Change the world this year! (By Revd Manik Corea, NAMS Global Executive).

‘Everyone wants to change the world. No one wants to change themselves.’ Wrote the Russian writer Leo Tolstoy.

But real change in our world cannot be effected without the transformation first of individuals by God’s redemption at the cross of Christ. That’s why Christians are called to be and make disciples first, and not simply engage in doing good works.

This means in practice more that than simply Sunday attendance, loving our neighbors, giving to the poor or worthy causes, singing songs of praise to Him, praying for each other or even reciting the Nicene or Apostle’s Creed with faith at Sunday services. We should do all that, of course, in His name and for His glory. But He calls us to more.

Discipleship involves surrender to His Lordship, letting Christ change and align us to His will and purpose for our lives. It means choosing daily, and then following with perseverance, in his power and in concert with each other, to be disciples reaching the world, helping others know and follow him as we do, doing the works he did as he said we would (Luke 9:23; John 14:12).

Disciples are the fruit that God the divine gardener desires. In fact, all the ministry we do as Christians must produce disciples or they are deemed fruitless and worthless to God (as a Scriptures like John 15:1-8 emphasize).

If we put being and making disciples at the heart of our personal and collective lives in our churches and ministries, then at least 3 things will be true:

1) It will be all about Jesus. Who He is and what He wants will then take centre stage – not simply our visions, models or strategies. Indeed, ‘he must increase, I must decrease’ – we would cry with the Baptist (John 3:30).

2) Relationships will be central. As we seek to please and obey Jesus, we would be committed to the community of believers (John 13:34, 35), as well as be invested in relationships with non-believers, all as modeled by our Lord. Faith would be more than a personal or private matter. We would seek to disciple a few and help them reach out to others by being and bringing good news to the world where they live, play and work.

3) We will start small. We live in cultures that elevate the rich, the powerful, the beautiful and the well-known. The standard of success in America and the West, if not globally, is predominantly the big, the loud, the impressive and the popular. This has infected our standards for success in the church and in our Christian lives. We think that only those who can gather large crowds, have spectacular ministries or be well-known are ‘successful’ Christians.

Against this, the true disciples seeking to please Jesus will pursue His focus on the few so that others can in time be reached. ‘Jesus spoke to the crowds, but the engine of his ministry was his purposeful gathering and shaping of the twelve.’[1] Consequently, we will ask, ‘Why do we focus on the crowds when Jesus focused on the twelve?’[2]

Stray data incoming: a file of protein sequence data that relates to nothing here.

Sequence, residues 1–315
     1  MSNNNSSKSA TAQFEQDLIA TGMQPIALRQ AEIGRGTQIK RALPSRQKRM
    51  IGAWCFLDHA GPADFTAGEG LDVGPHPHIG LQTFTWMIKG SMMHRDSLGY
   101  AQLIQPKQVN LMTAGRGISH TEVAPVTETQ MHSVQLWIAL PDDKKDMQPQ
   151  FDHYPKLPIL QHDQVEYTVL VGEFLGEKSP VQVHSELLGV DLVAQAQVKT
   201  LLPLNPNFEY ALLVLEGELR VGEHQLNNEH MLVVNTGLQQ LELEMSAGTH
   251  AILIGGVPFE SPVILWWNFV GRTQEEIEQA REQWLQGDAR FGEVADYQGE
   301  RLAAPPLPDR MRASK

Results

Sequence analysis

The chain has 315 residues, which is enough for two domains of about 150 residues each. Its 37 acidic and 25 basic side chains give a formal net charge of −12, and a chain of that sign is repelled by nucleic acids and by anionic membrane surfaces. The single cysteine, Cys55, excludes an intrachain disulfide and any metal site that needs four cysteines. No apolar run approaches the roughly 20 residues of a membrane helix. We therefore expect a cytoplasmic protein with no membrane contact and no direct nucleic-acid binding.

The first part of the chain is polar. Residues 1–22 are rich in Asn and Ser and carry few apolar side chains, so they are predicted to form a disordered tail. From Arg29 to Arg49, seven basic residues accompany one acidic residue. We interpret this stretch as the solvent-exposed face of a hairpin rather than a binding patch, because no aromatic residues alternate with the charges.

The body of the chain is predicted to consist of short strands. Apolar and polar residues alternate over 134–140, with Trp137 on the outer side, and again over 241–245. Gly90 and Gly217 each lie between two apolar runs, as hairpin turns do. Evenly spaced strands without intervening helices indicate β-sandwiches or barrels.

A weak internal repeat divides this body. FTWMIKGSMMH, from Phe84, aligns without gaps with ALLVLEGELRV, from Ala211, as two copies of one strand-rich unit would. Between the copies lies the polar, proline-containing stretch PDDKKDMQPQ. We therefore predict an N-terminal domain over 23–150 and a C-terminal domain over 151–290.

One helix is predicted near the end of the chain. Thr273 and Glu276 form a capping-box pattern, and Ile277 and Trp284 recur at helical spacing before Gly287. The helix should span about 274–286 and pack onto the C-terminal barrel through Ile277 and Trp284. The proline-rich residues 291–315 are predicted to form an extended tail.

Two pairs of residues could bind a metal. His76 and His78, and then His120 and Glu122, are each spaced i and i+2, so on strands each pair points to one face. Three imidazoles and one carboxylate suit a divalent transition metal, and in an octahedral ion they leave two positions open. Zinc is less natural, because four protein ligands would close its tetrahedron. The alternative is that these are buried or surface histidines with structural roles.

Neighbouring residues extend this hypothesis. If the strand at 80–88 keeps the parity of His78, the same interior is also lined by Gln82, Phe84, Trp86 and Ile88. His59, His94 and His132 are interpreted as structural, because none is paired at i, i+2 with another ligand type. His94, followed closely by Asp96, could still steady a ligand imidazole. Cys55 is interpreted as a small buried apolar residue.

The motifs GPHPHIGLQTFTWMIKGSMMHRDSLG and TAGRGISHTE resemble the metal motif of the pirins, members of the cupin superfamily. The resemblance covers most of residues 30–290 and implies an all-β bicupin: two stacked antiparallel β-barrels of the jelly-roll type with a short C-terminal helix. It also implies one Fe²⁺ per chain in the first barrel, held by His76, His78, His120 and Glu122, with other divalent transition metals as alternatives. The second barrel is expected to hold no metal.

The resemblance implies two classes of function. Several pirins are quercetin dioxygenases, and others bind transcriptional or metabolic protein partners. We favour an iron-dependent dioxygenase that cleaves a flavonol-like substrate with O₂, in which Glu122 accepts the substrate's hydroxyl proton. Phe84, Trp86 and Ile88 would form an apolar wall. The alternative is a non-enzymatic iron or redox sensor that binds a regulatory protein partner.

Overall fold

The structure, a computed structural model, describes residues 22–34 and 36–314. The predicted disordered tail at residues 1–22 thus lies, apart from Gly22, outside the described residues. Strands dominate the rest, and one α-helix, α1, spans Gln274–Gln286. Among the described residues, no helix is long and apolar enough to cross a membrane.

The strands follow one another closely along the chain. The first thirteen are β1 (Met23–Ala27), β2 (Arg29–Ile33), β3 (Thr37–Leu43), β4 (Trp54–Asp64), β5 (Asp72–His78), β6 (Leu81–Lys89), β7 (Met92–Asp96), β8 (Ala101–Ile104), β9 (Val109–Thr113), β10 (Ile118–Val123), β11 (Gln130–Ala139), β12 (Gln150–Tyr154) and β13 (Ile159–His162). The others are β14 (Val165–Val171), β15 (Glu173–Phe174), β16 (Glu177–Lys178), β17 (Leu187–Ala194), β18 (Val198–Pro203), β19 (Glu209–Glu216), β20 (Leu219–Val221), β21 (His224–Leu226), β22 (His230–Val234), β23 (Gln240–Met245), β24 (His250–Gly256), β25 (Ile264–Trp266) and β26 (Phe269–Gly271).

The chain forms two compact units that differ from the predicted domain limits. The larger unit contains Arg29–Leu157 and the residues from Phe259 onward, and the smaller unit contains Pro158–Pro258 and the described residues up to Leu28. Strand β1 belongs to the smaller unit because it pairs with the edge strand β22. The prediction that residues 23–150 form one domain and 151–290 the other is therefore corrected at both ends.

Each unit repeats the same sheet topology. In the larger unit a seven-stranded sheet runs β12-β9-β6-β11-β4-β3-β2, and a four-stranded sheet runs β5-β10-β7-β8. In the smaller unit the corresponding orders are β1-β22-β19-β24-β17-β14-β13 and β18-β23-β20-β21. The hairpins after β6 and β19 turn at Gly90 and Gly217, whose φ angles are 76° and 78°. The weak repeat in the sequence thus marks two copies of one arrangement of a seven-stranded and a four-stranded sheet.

In fact, this was part of Jesus’ deliberate strategy. He taught in his parables that the Kingdom of God grows from small beginnings. As the late Eugene Peterson wrote, ‘The metaphors Jesus used for the life of ministry are frequently images of the single, the small and the quiet, which have effects far in excess of their appearance: salt, leaven and seed.” [3]

We begin where we are, with who we can reach, by being obedient disciples and faithfully using our gifts.

Start small – but start somewhere. Ask others to help you do it. Be a disciple and make at least one other disciple. When you do so, Jesus promises He will be with you (Matthew 28:20).

And that will change the world – for at least one other person this year!

For help in becoming a disciple who makes other disciples, contact us at info@namsnetwork.com

 


[1] Woodward, JR & White, Dan, The Church as Movement: Starting and Sustaining Missional-Incarnational Communities. (Illinois:IVP, 2016), pg 89.

[2] Ibid., pg 90.

[3] Peterson, Eugene H. The Contemplative Pastor. (Grand Rapids:Eermands, 1993), pg 25.

 

 

 

 

 

 

 

 

 

 

 

 

 

 

 

 

 

 

 

 

 

 

 

 

 

 

 

 

 

 

 

This is a sea-change from the way I used to view church-planting. In the old church paradigm of thinking about church-planting that I was first taught, new churches were the ‘products’ we were to become experts at building. These new churches which were essentially models of the old institutional churches we were raised in or converted to. In many senses, it was nothing more that institutional church-cloning.

In order to subvert this ‘false’ picture and theology of the purpose and method of church-planting, we have to ask what kind of church Jesus is building (Matthew 16:18) and then seek to join in (2 Corinthians 3:6-9).

 

and its correlation with Jesus’ final command to us to make disciples of all people (Matthew 28:18-20).

 

In taking God’s divine prescription for global transformation (as Jesus articulated it in Matthew 28:18-20) seriously to heart, letting it inform and shape our vision and practice.

 

A right ecclesiology therefore follows from a missiology shaped and derived from the Christological work, vision and design. His kingdom coming constitutes our going into the world – our ‘sent-ness’ (John 20:21).

 

As we make disciples after Jesus, he will build His church by multiplying it.

 

 

[1] Woodward, JR & White, Dan, The Church as Movement: Starting and Sustaining Missional-Incarnational Communities. (Illinois:IVP, 2016), pg 89.

[2] Ibid., pg 90.

[3] Peterson, Eugene H. The Contemplative Pastor. (Grand Rapids:Eermands, 1993), pg 25.

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Change the world this year! (By Revd Manik Corea, NAMS Global Executive).

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